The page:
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    Geography of Production Linkages in the Irish and Scottish Microcomputer Industry: The Role of Logistics

    Van Egeraat, Chris and Jacobson, David (2005) Geography of Production Linkages in the Irish and Scottish Microcomputer Industry: The Role of Logistics. Economic Geography, 81 (3). pp. 283-303. ISSN 0013-0095

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    The economic crisis of the mid-1970s marked the transition from the traditional Fordist mode of industrial organization to one of time-based competition (TBC). It has been postulated that the rise of TBC will lead to an increase in local and regional production linkages. Part of the argument is that the associated search for logistical efficiency and the adoption of the just-in-time (JIT) principles will lead to closer buyer-supplier proximity. In this article, we test the relevance of this idea in a case study of the microcomputer hardware industry in Ireland and Scotland. Most of the data were collected during multiple interviews with subsidiaries of all global microcomputer assemblers with operations in one of the two countries. The study shows that rather than sourcing locally or regionally, the assemblers import the vast majority of their material inputs from regions outside Ireland and Britain, notably from the Far East, and that the inbound logistics pipelines of most components involve inventories, often hubbed in local warehouses. Such supply systems have been interpreted as pseudo-JIT, suboptimal inbound logistics systems that are organized on traditional Fordist principles. We argue that the logistics systems and the geography of the supply linkages should not be interpreted this way. Inbound inventories were tightly managed, leading to modest target buffer levels and high shipment frequencies. Even under JIT supply, the geographic configuration of production linkages and the details of logistics systems remain highly dependent on a range of contextual conditions and component characteristics. The findings of this study suggest that a strategy of building integrated vertical production clusters around subsidiaries of multinational enterprises is no longer suitable for Ireland and Scotland, at least not in the context of the microcomputer industry.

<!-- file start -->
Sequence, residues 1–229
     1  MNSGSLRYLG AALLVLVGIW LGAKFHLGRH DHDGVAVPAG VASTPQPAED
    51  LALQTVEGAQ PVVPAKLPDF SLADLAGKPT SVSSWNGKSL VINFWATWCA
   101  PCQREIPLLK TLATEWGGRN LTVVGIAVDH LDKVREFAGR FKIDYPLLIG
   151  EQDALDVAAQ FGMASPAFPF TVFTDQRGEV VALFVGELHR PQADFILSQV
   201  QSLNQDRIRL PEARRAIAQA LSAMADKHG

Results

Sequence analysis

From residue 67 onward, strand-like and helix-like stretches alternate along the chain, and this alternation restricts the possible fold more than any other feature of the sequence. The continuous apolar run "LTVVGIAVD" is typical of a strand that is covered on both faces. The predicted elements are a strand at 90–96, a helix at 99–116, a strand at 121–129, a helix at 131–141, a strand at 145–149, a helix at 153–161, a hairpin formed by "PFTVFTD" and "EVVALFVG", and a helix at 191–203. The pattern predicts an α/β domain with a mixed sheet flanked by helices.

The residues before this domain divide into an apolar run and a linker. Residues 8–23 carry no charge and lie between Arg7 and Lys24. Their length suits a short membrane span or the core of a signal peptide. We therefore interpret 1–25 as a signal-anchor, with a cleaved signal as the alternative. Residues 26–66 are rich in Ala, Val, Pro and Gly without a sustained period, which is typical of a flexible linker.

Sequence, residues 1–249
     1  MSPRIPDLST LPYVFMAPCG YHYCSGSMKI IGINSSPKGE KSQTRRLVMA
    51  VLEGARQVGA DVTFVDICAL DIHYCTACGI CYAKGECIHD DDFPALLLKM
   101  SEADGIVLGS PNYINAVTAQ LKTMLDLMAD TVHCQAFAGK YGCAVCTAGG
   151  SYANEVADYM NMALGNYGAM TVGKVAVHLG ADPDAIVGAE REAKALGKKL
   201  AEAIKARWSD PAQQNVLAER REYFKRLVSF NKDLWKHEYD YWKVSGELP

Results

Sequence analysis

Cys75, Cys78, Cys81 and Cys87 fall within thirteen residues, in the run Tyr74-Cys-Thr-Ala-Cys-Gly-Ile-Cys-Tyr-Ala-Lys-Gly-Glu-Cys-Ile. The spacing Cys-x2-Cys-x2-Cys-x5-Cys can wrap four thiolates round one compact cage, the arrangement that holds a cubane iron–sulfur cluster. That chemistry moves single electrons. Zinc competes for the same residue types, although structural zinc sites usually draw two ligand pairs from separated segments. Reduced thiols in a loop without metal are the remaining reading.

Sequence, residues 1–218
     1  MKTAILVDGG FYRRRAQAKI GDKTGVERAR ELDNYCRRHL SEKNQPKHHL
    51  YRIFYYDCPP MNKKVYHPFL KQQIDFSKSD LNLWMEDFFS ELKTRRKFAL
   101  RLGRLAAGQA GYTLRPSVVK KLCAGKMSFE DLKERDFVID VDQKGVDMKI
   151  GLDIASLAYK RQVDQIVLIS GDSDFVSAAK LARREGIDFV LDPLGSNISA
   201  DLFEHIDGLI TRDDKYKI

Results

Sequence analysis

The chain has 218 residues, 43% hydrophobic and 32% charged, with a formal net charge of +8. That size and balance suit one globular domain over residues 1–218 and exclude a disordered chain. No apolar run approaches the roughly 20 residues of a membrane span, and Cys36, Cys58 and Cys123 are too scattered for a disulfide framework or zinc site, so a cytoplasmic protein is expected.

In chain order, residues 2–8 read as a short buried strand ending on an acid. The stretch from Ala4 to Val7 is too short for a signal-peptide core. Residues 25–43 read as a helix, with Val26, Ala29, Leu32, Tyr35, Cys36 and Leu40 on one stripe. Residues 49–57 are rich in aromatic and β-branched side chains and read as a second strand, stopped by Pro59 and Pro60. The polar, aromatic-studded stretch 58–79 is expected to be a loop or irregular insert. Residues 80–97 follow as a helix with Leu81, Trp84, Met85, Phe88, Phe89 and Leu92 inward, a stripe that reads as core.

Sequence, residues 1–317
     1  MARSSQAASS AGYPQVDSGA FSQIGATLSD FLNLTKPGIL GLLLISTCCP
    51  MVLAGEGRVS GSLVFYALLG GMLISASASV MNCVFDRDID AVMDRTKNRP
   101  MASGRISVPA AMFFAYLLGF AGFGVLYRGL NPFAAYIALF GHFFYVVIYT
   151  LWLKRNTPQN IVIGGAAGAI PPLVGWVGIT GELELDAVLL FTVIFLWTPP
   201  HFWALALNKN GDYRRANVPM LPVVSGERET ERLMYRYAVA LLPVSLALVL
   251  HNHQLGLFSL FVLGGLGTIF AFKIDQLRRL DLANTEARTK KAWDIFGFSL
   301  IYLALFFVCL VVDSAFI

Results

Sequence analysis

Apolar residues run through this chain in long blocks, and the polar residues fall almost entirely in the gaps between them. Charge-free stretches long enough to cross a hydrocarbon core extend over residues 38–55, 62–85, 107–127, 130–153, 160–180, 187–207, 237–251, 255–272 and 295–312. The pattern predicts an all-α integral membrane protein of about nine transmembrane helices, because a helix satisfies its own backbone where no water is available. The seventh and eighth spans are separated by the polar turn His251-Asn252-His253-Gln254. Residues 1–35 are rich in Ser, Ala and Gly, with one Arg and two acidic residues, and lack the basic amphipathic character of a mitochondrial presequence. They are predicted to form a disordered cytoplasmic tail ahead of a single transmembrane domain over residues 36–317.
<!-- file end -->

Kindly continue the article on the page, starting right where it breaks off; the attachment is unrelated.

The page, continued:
Item Type: Article
    Additional Information: This research is supported in part by the Irish Research Council for the Humanities and Social Sciences and Forfas. We would like to thank Dr. Nick Phelps for his input in the research and two anonymous referees for their constructive comments.
    Keywords: computer industry; production linkages; logistics;
    Academic Unit: Faculty of Social Sciences > Geography
    Faculty of Social Sciences > Research Institutes > National Institute for Regional and Spatial analysis, NIRSA
    Item ID: 6121
    Depositing User: Dr. Chris Van Egeraat
    Date Deposited: 18 May 2015 15:40
    Journal or Publication Title: Economic Geography
    Publisher: Clark University
    Refereed: Yes
    Funders: Irish Research Council for Humanities and Social Sciences (IRCHSS)
      Use Licence: This item is available under a Creative Commons Attribution Non Commercial Share Alike Licence (CC BY-NC-SA). Details of this licence are available here

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